Is Health Education Effective In Reducing Teenage Pregnancy

Is Health Education Effective In Reducing Teenage Pregnancy

Scholars have found a negative relationship between education and teenage pregnancy. For instance, Gaughran and Asgary discovered that about 18% of all women in Kenya had unplanned or unwanted pregnancies during their adolescence (2014). The authors conclude that this phenomenon is associated decreased education among young girls. Moreover, Gaughran and Asgary attest that the most affected cases of early pregnancies were found in arid and semi-arid areas in nomadic communities (2014). Among these groups education for girls is considered taboo. This discourages young girls from going to school leaving them vulnerable to engage in teenage pregnancies. Thus, Gaughran and Asgary in their research observed an improvement when girls were put on an educational program that provides general knowledge on adolescent health including HIVS, teenage pregnancies and STIS (2014).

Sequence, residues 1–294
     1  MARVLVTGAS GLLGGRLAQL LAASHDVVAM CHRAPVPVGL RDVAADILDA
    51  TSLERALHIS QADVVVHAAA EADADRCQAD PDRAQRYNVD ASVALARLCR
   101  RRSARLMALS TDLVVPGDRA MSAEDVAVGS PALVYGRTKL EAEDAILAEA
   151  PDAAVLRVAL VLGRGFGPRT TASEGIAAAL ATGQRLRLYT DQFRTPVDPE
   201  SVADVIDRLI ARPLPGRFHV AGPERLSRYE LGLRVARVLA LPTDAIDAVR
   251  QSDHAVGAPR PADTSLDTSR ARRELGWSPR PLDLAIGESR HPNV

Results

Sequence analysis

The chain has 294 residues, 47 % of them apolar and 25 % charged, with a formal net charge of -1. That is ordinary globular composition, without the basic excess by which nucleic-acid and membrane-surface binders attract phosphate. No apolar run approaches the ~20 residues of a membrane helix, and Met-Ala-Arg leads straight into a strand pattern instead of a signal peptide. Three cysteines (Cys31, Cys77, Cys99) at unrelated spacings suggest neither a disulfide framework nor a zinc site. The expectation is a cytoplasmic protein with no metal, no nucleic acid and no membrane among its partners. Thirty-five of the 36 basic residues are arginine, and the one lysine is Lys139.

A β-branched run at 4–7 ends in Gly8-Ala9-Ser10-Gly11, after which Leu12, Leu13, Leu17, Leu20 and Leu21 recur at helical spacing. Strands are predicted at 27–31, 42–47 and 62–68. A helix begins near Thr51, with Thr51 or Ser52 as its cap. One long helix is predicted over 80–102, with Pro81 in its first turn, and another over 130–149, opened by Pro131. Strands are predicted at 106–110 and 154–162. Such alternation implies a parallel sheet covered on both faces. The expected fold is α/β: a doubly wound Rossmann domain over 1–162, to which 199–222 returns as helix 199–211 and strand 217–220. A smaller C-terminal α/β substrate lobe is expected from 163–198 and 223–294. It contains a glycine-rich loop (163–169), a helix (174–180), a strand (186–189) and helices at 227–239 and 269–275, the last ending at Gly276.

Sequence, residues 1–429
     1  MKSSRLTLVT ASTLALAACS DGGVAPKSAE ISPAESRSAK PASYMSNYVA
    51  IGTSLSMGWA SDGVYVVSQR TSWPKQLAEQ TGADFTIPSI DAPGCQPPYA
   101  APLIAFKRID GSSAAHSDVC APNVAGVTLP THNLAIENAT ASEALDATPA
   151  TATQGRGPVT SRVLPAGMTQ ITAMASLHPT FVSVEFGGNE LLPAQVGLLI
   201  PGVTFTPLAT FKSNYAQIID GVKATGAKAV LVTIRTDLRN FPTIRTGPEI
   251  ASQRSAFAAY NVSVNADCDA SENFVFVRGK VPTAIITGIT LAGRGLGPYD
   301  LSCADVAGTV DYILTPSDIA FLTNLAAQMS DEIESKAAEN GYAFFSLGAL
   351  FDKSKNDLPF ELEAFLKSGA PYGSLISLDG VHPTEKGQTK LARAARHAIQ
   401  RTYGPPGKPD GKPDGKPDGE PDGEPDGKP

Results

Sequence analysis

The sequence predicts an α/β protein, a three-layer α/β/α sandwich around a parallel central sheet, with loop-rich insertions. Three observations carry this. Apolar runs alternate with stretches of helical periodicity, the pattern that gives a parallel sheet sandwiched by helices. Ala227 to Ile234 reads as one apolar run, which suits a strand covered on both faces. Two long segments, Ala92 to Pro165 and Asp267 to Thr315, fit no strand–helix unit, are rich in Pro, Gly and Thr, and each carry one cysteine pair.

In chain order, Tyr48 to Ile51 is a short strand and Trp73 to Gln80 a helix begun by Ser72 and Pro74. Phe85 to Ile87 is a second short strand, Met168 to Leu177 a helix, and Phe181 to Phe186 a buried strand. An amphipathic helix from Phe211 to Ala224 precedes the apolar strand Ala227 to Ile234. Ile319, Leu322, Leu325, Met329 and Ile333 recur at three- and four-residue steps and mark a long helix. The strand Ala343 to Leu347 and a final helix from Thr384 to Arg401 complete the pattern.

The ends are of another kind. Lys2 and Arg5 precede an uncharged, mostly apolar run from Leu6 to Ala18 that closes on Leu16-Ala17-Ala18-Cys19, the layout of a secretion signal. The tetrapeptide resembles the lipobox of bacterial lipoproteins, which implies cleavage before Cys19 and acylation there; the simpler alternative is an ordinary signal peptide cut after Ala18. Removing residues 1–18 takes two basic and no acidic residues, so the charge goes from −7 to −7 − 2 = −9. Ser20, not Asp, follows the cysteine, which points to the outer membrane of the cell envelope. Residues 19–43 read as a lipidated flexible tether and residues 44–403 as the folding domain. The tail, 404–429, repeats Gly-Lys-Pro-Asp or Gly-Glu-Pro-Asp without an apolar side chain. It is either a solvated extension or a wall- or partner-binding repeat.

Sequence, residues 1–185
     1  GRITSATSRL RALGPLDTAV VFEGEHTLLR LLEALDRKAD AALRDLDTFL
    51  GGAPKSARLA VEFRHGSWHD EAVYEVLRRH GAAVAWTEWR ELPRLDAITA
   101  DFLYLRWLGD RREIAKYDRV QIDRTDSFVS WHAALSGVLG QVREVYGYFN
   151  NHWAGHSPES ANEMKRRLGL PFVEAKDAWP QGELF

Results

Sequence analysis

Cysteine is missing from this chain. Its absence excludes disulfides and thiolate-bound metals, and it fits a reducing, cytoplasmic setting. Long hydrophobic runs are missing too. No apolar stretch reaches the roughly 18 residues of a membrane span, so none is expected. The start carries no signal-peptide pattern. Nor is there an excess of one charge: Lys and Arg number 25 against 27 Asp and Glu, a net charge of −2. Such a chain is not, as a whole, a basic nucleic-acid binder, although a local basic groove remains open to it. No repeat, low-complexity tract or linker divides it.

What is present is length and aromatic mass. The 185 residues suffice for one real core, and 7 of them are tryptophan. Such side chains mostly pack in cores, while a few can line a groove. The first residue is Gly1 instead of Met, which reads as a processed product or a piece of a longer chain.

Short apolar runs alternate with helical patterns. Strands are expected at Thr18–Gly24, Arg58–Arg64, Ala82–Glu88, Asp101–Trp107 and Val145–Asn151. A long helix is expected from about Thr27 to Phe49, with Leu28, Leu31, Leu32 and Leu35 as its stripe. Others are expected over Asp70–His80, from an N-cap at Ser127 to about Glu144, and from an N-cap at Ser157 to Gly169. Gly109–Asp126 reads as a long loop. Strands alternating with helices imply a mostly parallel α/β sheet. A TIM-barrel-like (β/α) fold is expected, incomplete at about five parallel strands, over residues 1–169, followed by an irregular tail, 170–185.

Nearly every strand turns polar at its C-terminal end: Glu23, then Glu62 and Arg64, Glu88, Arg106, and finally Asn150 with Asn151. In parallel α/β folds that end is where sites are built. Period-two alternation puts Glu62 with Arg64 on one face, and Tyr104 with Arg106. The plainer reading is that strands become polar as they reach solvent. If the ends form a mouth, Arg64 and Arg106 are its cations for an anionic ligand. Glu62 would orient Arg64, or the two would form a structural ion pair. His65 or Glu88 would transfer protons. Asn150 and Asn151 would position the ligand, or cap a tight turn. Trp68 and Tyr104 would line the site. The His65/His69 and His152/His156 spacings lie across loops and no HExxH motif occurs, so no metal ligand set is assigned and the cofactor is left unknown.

Ruth Petersen, Jennifer Albright, Joanne Garrett and Kathryn Curtis in their study found that repeated counselling to young girls helps improve their knowledge of the use of contraceptive to reduce incidences of unplanned pregnancies (2007). For instance, the authors found that contraceptive use increased from 59% at baseline to 72% over a period of 12 months of the study (2007). This approves the positive impact of education among young women to improve their sex life and minimize cases of STDS infections.

Therefore, there is evidence to the impact of education on the life of teenager because it increases their decision-making capabilities to avoid teenage sex due to it repercussion.  Lack of information leads youth to engage haphazardly to unsafe sex not knowing the resultant effects. Thus, education and counselling among young girls and boy lead to the longer period in school and minimized early pregnancies.


Gaughran, M and Asgary, R 2014, ‘On-site comprehensive curriculum to teach reproductive health to female adolescents in Kenya,’ Journal of Women’s Health, vol. 23, no. 4, pp. 358-364.

Petersen, R, Albright, J, Garrett, J and Curtis, M 2007, ‘Pregnancy and STD prevention counselling using an adaptation of motivational interviewing: A randomized controlled trial,’ Perspectives on Sexual and Reproductive Health, vol. 39, no. 1, pp. 21-28.


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